Eighty years on. 10th June 1940


Rommel continued his advance down the Channel coast 7th Panzer Division reaching Dalles, near Dieppe.  Northeast of Paris, Guderian’s Panzers advanced towards Chalons-sur-Marne, crossing the Aisne river at Joinville.  16th Panzer Corps was withdrawn from Péronne and sent east to support Guderian’s breakthrough.  

With Paris threatened, the French government moved to Tours.  They declared Paris an open city to avoid the destruction by bombing and street fighting as witnessed in Warsaw and Amsterdam.

In a second Allied evacuation from the French coast (Operation Cycle), 3,300 troops embarked at St-Valery-en-Caux and 11,000 troops were evacuated from Le Havre.  Overnight 9,000 men were shipped from Le Havre to Cherbourg to continue fighting.  The destroyers HMS Bulldog and Boadicea were damaged by German bombing off Le Havre.  HMS Boadicea was towed back to Dover.

Benito Mussolini appeared on the balcony of the Palazzo Venezia to announce that at midnight Italy would be in a state of war with France and Britain.  After a speech explaining his motives for the decision, he concluded: “People of Italy: take up your weapons and show your tenacity, your courage and your valour.”  The Italians had no battle plans of any kind prepared.  The declaration of war had already been delayed by five days due to Hitler’s wish to have a complete German victory over France.

Mussolini, expecting to make easy gains in southern France, said: “I only need a few thousand dead to sit at the peace conference as a man who has fought.”  Churchill reacted to the news, saying: “People who go to Italy to look at ruins won’t have to go as far as Naples and Pompeii again”.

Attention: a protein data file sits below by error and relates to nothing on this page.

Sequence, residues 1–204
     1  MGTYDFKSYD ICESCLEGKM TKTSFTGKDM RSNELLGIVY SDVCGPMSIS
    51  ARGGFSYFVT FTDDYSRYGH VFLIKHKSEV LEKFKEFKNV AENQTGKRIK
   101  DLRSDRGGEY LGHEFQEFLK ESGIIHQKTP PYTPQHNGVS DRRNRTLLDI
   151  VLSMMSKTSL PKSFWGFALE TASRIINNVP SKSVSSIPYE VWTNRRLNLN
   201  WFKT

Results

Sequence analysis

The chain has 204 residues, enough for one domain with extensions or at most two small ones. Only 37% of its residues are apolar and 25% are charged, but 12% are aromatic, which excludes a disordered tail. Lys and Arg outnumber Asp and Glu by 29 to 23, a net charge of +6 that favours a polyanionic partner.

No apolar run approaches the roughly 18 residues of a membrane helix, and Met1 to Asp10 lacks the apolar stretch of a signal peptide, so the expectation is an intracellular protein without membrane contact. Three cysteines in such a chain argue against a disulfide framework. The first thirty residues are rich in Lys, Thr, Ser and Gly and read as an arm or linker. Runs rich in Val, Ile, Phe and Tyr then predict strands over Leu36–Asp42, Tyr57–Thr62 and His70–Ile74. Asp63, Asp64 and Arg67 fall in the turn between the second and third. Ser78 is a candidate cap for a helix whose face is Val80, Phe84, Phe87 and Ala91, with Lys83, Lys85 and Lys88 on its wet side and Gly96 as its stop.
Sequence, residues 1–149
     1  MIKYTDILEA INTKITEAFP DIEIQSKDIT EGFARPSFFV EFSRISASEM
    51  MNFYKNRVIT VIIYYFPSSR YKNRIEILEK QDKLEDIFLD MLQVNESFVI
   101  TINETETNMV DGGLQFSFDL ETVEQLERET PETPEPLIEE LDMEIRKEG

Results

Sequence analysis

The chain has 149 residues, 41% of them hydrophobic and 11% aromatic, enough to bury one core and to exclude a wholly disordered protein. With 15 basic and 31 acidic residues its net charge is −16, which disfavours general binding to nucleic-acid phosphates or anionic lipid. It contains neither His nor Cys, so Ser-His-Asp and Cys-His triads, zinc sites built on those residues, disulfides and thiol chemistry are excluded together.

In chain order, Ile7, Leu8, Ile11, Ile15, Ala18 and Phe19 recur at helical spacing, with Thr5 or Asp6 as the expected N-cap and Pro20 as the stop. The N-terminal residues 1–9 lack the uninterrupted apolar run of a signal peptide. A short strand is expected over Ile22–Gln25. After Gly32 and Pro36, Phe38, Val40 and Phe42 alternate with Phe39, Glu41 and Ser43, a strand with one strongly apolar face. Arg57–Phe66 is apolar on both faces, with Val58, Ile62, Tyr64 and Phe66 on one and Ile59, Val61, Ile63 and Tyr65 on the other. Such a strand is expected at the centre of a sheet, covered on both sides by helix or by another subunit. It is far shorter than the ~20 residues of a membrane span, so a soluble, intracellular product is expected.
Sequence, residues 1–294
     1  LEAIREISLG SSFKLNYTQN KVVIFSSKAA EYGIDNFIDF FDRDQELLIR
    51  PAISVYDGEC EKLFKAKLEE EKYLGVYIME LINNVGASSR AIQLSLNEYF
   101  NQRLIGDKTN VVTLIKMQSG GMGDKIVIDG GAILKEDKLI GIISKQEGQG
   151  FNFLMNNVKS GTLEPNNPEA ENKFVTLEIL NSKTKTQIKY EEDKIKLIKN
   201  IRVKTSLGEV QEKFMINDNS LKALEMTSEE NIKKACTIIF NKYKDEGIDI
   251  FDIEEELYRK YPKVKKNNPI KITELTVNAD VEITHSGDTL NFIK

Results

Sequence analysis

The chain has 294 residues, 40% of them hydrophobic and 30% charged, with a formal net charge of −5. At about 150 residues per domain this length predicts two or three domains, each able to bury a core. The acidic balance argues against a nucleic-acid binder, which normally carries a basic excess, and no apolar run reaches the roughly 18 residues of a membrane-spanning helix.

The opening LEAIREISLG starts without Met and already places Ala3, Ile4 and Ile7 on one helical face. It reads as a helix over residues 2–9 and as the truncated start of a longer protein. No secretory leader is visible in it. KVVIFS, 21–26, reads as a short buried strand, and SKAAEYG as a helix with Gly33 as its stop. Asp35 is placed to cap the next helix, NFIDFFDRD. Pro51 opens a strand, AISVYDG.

Anti-Italian riots broke out in major cities across the United Kingdom after Italy’s declaration of war. Bricks, stones and bottles were thrown through the windows of Italian-owned shops, and 100 arrests were made in Edinburgh alone.

Canada declared war on Italy.  Italy broke off relations with Poland.  Belgium broke off relations with Italy.

The British armed boarding vessel HMS Vandyck was sunk by German bombing off Andenes, Norway. The crew rowed ashore and were taken prisoner.  The first convoy of troopships carrying men from Narvik arrived unmolested in the Clyde.

Norway surrendered to Germany. King Haakon VII and his cabinet had escaped to London to form a government in exile.

In China Japanese forces attacked Ichang, on the Yangtse river.

While making a commencement speech at the Memorial Gymnasium of the University of Virginia, President Roosevelt denounced Mussolini: “On this tenth day of June, 1940, the hand that held the dagger has plunged it into the back of its neighbor.” The president also said that military victories for the “Gods of force and hate” were a threat to all democracies in the western world and that America could no longer pretend to be a “lone island in a world of force.”

Game day 284.  France

Totalling the friendly and enemy forces in France, the allies still held the numerical superiority of 29 against 23.

Six infantry battalions, previously headed for the fighting on the German border, swung south to confront the Italian invaders.

In the north, six battalions marched north from Paris to attack the German armour and infantry at AV29. They were supported by two infantry battalions previously engaged and by the last two French fighter squadrons.  The German infantry battalion was eliminated by the fighter attack, leaving six armoured battalions undamaged.  French losses were high, losing four infantry battalions.

In Algeria, forces began moving towards the border with Italian-held Libya.  Twelve new infantry battalions were raised.

Credits:   Historical information:  http://www.worldwar2daybyday.blogspot.com, Wikipedia, Chronicle of the Second World War (JL International Publications, 1994).  Background image to game maps: Hasbro Ltd. 

Published by

General Whiskers

Wargaming butterfly (mainly solo), unpainted model figure amasser, and Historical Re-enactor of the black powder era.

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